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a part of our team found out that git is cool and started using it as a svn client. So every developer had a local git repository and synced it with svn via git-svn.

Then we wanted to do code reviews of the commits and send patches to collegues for review. This approach was not very intuitive, since the checksums of the SAME Revision in svn was different for each local git repository. No clue why, since the content should be the same. Maybe it is a bug in svn rebase?

So we tried to have a central git repository on the scm server. Every developer that uses git now could push his changes to this central repository and the other developer doing the review could pull those into his repo. Unfortunatelly because every developer also synced with svn rebase the checksum problem was there again.

After reading many posts I think the best way to manage a team with both subversion and git clients is to have:

  1. A central Subversion repository
  2. A central Git repository (origin)
  3. A central Git working copy on the server
  4. For each git developer a local git repository
  5. For each svn developer a ordinary working copy

Now we need a central job to sync svn with git doing a regular script like this on a central git working copy on the server.

# First transfer the commits from git to svn
git checkout svnmaster
git pull origin svnmaster
git svn dcommit

# Now from svn to git
git svn rebase
git push origin svnmaster

My questions now are:

  1. Is this the best approach (without switching to git completeley)
  2. Are there already scripts for windows doing the sync bullet proof?
  3. Is the problem with the different checksums known and is there maybe a workaround known?

Thanks for every answer!

EDIT I recently found a project that looks very promising:

SubGit

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I think you're trying to solve a problem that's not there. If the Git hashes are different, then the two repositories have different history. If both developers fetched from the same Subversion repository (at the same URL), and fetched all revisions, then the final Git hash should be the same. If not, you've done something different. Most of the rest of your question becomes a non-problem if you can sort that out. (I know it works like this, because I've done it.) –  Greg Hewgill Mar 9 '11 at 5:58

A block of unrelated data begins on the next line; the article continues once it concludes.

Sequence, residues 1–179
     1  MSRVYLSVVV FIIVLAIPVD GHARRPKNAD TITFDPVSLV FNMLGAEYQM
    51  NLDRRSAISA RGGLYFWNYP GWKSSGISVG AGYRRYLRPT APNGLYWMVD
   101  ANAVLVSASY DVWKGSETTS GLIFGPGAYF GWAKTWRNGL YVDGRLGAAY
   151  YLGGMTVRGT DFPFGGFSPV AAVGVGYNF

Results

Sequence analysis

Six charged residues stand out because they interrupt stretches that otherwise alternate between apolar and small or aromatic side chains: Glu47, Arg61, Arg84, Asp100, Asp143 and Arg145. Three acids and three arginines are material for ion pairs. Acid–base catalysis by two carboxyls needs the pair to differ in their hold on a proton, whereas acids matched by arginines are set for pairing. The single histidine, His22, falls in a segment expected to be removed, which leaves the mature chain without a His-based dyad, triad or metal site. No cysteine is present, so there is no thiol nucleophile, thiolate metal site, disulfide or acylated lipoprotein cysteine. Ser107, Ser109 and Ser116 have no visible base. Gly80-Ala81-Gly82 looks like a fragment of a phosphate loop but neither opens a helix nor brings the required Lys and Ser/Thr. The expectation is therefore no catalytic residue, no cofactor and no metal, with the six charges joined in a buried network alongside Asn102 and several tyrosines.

1  
Actually the hashes may very easily end up being different depending on such details as whether everyone has the same authors file. –  Jan Hudec Mar 9 '11 at 10:52
1  
I'm SubGit (subgit.com) developer and would like to add that mentioned SubGit program have entered its EAP stage. SubGit removes all the hassle of git-svn rebase/dcommit/fetch and allows one to use real git not being aware that there is a Subversion repository. –  Alexander Kitaev Sep 2 '11 at 21:30
1  
@Alexander: Happy to hear that. Thanks for the comment. I'll try that out. –  schoetbi Sep 4 '11 at 8:53

2 Answers 2

up vote 5 down vote accepted

There is problem with your solution. I recommend you not to commit in svnmaster directly. You should have one pure git branch for svn(svn-dev), and svn tracking branch(svn-master). Follow these steps to commit to svn:

git checkout svn-master
git merge --no-ff svn-dev
git svn dcommit
git checkout svn-dev
git merge svn-master

This sequence allows you to preserve commit hashes for all repositories.

share|improve this answer
    
So to make a change in svn first the change needs to be comitted into svn-dev. But what if one team member that only uses svn commits to svn directly? Who makes the rebase? –  schoetbi Mar 10 '11 at 5:40
    
instead of rebase, just fetch svn-master, and merge it to svn-dev –  gor Mar 10 '11 at 5:50
    
@schoetbi: Commiting to subversion is allowed without limits. But on the git side you need one branch that is used only to track subversion (svn-master) and one or more branches where the development actually happens (svn-dev). –  Jan Hudec Mar 10 '11 at 7:28
    
Note, that you don't need one long-lived svn-dev. I'd recommend to use the topic branches instead. Just don't develop directly on svn-master. –  Jan Hudec Mar 10 '11 at 7:29
    
@Jan: Got it. Thanks –  schoetbi Mar 11 '11 at 6:14

Generally what you want to do is not recommended (to say the least: the real statement is more like "don't").

I actually tried to do something similar a while back, where we had an offline git copy of a svn tree that we worked with. While it worked well for keeping track of the upstream SVN changes, it does not work trying to push back into the SVN tree (and forget it altogether if you're doing anything with git branches).

Read the git-svn man page very carefully. It states repeatedly that git-svn != git. Specifically, git-svn << git. Sure, it's better than SVN itself, but it is not safe to treat it as a full "git clone" of a SVN repository where you can do anything you want and push it back.

As an example case, consider a reviewer that needs to make a change. He makes the change, pushes the result back to the git repo, the reviewed change gets checked by the original author, and the original author does the dcommit. Remember that the only SVN authentication is from the git-svn client and thus the original author is the one "submitting the changes to the SVN tree" and thus takes ownership of everything. It gets worse when you get multiple people just committing work to the git repo at the same time. The first person that does the dcommit (if it actually works, and it likely won't) takes ownership of all the changes.

share|improve this answer
    
Thanks for your usefull answer. I also found another way of doing it here: kris.me.uk/2010/10/01/svn-master-with-git-mirrors.html –  schoetbi Mar 9 '11 at 8:45

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